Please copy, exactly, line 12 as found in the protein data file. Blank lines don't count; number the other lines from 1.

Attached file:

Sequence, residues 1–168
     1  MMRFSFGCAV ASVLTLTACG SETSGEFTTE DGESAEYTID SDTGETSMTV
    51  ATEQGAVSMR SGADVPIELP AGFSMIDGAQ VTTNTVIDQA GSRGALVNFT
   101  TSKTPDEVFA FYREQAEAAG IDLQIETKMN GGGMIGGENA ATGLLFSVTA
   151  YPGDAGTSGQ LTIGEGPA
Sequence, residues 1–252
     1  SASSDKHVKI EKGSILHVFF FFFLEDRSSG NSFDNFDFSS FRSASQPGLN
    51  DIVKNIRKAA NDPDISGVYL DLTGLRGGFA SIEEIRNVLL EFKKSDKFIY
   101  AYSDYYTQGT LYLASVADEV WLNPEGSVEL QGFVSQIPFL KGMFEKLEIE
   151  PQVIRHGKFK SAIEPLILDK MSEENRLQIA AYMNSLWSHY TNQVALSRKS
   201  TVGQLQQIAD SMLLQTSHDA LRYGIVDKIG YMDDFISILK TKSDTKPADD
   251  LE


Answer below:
   251  LE